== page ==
Amanda Shelley exemplified the fulfilled promise of the Affordable Care Act.
A pre-existing condition used to mean that someone like Amanda Shelley, a physician assistant and single mom from Arizona, couldn’t get health insurance. But on January 1st, she got covered. On January 3rd, she felt a sharp pain. On January 6th, she had emergency surgery. Just one week earlier, Amanda said, that surgery would’ve meant bankruptcy.That’s what health insurance reform is all about — the peace of mind that if misfortune strikes, you don’t have to lose everything.
Estiven Rodriguez represented the power of access to education.
Estiven Rodriguez couldn’t speak a word of English when he moved to New York City at age nine. But last month, thanks to the support of great teachers and an innovative tutoring program, he led a march of his classmates – through a crowd of cheering parents and neighbors – from their high school to the post office, where they mailed off their college applications. And this son of a factory worker just found out he’s going to college this fall.
Nick Chute and John Soranno personified the benefit of raising the minimum wage.
In the year since I asked this Congress to raise the minimum wage, five states have passed laws to raise theirs. Many businesses have done it on their own. Nick Chute is here tonight with his boss, John Soranno. John’s an owner of Punch Pizza in Minneapolis, and Nick helps make the dough. Only now he makes more of it: John just gave his employees a raise, to ten bucks an hour – a decision that eased their financial stress and boosted their morale.Tonight, I ask more of America’s business leaders to follow John’s lead and do what you can to raise your employees’ wages. It’s good for the economy. It’s good for America.
Obama punctuated this story by calling on Congress to pass a bill that would raise the national minimum wage to $10.10. To great applause, the president urged Congress to “Say yes. Give America a raise.”
And the powerful story of Sergeant First Class Cory Remsburg, reminded us that the freedoms we hold dear are neither free nor come without sacrifice.
[O]n his tenth deployment, Cory was nearly killed by a massive roadside bomb in Afghanistan. His comrades found him in a canal, face down, underwater, shrapnel in his brain. For months, he lay in a coma. And the next time I met him, in the hospital, he couldn’t speak, could barely move. Over the years, he’s endured dozens of surgeries and procedures, hours of grueling rehab every day … And, day by day, he’s learned to speak again and stand again and walk again. And he’s working toward the day when he can serve his country again. “My recovery has not been easy,” he says. “Nothing in life that’s worth anything is easy.”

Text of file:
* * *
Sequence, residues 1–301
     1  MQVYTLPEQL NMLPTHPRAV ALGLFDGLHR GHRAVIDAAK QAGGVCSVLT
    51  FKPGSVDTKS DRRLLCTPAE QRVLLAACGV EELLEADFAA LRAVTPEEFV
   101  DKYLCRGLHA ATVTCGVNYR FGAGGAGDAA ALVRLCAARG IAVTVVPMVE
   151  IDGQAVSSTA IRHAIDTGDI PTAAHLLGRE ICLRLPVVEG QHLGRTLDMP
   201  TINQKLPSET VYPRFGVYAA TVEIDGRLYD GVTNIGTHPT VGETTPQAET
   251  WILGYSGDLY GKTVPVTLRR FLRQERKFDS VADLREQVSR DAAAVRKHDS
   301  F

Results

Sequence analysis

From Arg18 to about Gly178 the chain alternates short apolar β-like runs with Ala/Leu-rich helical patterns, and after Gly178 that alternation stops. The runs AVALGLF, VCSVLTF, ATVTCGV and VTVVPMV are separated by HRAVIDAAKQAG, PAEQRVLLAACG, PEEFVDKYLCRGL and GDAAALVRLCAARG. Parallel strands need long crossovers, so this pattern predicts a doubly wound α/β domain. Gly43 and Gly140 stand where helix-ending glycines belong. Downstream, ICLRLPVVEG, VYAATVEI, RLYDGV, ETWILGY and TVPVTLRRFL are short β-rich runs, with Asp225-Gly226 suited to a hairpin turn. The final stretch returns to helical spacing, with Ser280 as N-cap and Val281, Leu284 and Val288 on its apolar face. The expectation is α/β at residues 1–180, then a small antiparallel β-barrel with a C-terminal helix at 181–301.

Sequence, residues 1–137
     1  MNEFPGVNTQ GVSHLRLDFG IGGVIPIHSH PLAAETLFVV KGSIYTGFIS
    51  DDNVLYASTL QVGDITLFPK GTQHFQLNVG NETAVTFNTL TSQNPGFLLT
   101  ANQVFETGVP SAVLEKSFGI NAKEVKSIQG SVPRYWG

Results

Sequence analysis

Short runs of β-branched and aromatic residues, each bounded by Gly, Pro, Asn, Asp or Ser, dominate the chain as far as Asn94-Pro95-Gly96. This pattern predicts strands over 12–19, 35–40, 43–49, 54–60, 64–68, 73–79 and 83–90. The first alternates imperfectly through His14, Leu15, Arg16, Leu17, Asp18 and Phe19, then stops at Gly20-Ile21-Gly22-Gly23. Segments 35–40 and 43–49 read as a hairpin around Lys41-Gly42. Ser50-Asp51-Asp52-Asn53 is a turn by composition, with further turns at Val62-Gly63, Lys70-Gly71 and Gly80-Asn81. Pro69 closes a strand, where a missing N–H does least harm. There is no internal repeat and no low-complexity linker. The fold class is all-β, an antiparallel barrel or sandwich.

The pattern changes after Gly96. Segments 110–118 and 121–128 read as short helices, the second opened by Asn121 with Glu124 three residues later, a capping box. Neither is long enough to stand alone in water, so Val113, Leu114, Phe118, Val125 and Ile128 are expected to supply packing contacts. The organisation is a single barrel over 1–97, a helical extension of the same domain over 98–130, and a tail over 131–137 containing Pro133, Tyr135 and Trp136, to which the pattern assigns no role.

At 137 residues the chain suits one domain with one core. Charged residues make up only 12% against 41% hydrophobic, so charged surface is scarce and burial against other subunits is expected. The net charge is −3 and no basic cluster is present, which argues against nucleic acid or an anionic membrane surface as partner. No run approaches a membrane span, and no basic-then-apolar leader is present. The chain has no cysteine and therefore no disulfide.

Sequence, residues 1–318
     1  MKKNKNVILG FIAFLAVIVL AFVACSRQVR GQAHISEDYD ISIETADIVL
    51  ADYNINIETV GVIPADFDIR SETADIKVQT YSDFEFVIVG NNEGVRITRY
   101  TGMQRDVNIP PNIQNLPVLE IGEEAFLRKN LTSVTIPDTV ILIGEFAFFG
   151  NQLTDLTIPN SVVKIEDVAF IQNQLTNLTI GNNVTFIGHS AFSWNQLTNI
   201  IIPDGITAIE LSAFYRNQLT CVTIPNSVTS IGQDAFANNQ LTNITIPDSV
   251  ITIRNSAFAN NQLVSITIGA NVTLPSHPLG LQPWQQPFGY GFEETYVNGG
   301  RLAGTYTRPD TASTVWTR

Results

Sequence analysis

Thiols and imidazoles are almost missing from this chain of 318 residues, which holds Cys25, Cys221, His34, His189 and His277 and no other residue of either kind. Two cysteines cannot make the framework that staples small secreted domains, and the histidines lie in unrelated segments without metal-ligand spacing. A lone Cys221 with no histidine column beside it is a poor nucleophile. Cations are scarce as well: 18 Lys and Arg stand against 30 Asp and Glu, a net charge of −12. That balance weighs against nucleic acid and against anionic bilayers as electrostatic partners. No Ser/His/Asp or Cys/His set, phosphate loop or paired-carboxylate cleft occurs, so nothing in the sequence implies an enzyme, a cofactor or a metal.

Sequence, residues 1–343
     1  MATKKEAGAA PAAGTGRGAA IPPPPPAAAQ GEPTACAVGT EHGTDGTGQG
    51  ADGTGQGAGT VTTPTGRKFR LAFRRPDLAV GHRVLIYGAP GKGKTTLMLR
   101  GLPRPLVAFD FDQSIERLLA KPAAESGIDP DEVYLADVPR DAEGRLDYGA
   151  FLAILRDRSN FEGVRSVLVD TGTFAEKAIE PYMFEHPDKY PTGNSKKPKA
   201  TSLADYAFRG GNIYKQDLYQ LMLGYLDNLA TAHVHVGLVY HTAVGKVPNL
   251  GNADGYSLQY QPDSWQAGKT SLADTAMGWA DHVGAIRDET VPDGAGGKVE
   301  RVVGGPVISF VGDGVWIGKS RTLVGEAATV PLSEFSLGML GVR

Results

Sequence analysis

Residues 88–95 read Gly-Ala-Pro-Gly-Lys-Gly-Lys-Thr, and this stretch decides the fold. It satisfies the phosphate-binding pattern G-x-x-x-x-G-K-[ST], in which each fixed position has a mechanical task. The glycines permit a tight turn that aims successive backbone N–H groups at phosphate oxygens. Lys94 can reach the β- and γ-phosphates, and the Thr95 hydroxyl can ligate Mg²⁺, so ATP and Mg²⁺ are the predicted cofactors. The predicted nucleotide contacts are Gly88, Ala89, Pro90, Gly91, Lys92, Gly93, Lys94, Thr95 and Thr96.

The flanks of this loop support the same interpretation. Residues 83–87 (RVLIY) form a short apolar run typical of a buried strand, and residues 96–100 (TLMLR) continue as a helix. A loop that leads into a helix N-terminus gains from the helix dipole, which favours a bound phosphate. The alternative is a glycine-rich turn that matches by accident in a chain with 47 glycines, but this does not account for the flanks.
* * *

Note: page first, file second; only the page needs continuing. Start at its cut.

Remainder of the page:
But in showing the power of access to opportunity, Obama went very personal and bipartisan early on in his speech. it was part of a larger riff on the wish of the American people for Washington to stop the fighting and move the nation forward.
They believe, and I believe, that here in America, our success should depend not on accident of birth, but the strength of our work ethic and the scope of our dreams. That’s what drew our forebears here. It’s how the daughter of a factory worker is CEO of America’s largest automaker. How the son of a barkeep is Speaker of the House. How the son of a single mom can be President of the greatest nation on Earth.
The automaker CEO was Mary Barra of General Motors. The son of a single mom was Obama, of course. And the son of a barkeep was Speaker John Boehner. It was a warm moment that earned a thumbs up from the Ohio Republican to the Illinois Democrat. In that instant you saw a glimmer of hope that the bipartisan spirit that once ruled Capitol Hill would roam those hallowed halls once more. Pity, with four Republican responses to Obama’s address, we all know that that glimmer of hope is fleeting.
Follow Jonathan on Twitter: @Capehartj